A neighborhood in Dallas has been put on police lock-down after a dozen violent hate crimes against gay men and several robberies were reported.
The city’s Oak Lawn gayborhood has seen a frightening uptick in antigay bashings in recent months.
Last Thursday, Geoffrey Hubbard (pictured) became at least the twelfth victim in three months of an antigay hate crime when he was bashed him in the skull with a rock while walking to a friend’s house. He sustained a temporal bone fracture that required several stitches to his head.
Rally for Change, a local organization, has been demanding increased police presence and better protection in the area for months.
“Survivors have been beaten with bats, stabbed with box cutters, pistol whipped and pummeled with fists,” the organization said in a statement. “In several of these attacks, homophobic language has been used by the assailants.”
The statement continued:
“For weeks DPD has promised an increased presence in the neighborhood. When pushed on the fact that such an increase has been spotty and largely invisible, DPD has pointed to officer shortages and has now even suggested that the protection provided by our tax dollars is not enough and that we should pay for expanded patrols by off duty officers.”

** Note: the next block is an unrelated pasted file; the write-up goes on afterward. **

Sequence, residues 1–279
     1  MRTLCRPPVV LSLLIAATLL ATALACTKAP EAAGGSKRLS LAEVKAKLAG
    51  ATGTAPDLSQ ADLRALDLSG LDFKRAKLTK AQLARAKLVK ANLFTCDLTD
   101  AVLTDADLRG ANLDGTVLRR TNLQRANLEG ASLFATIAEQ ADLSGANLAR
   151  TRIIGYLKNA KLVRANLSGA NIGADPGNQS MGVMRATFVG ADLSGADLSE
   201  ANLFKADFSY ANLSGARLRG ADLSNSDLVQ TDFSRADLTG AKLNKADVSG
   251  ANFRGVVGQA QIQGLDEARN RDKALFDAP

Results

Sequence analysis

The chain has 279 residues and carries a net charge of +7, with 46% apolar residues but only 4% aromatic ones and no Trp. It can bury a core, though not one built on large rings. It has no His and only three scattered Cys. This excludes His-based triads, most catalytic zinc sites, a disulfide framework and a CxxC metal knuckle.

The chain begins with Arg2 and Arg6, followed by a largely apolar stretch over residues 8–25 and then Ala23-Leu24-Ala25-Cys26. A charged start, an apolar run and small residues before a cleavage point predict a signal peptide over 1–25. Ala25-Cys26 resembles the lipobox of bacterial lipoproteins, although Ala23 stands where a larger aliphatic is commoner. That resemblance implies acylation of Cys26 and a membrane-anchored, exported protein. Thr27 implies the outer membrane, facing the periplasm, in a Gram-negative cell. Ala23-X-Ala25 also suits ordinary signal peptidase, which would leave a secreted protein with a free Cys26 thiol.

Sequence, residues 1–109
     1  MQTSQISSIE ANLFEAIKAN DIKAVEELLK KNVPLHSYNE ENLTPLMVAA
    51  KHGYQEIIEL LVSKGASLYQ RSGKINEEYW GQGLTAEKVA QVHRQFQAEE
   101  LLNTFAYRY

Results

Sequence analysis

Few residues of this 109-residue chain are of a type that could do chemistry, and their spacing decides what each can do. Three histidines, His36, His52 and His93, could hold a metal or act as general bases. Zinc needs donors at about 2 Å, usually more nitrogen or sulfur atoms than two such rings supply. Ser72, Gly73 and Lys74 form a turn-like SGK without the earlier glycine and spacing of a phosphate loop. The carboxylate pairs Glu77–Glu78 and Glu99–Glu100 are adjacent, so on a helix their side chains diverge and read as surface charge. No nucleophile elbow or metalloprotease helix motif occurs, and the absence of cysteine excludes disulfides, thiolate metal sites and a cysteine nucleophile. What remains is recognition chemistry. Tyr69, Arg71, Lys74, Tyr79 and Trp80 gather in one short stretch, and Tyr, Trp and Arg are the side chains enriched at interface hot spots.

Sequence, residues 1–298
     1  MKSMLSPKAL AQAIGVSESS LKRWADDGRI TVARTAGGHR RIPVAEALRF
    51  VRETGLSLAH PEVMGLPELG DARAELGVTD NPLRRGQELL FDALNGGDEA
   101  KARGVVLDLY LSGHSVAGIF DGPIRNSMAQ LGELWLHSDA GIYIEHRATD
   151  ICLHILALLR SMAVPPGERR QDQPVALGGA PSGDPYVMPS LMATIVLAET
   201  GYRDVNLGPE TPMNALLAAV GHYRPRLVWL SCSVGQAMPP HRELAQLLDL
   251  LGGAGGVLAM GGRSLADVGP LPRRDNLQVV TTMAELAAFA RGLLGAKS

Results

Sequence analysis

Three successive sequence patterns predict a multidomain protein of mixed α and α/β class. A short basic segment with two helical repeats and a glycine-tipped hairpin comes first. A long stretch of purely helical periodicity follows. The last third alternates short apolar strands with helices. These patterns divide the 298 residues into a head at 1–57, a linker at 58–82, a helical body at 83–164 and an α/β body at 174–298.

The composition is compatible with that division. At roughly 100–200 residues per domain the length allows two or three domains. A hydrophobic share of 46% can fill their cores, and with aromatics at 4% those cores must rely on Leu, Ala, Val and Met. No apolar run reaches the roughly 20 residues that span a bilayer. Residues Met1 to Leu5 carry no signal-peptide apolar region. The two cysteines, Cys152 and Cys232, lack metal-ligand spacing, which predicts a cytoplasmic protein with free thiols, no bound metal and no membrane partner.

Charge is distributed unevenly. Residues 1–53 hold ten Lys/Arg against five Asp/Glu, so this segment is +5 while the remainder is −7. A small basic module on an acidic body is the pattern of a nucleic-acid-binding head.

In response to the most recent attack, the city is finally taking action. Oak Lawn has been put on “lock-down,” with police encouraging residents to be cautious and “take care of each other.”
Additionally, a group of “roughly a half dozen” officers have also been assigned to the area instead of patrolling a larger beat.
On Friday, Mayor Mike Rawlings also went door-to-door to help assure residents he is doing his best to address the issue and to let them know CrimeStoppers has increased its reward for information in the attacks from $5,000 to $10,000.
So far, there are still no leads yet on suspects in any of the assaults.
Hubbard, who is still recovering from his injuries, is encouraging people to be extremely cautious.
“I’m not saying avoid the streets and lock your doors,” he told WFAA-TV, “but don’t travel alone.”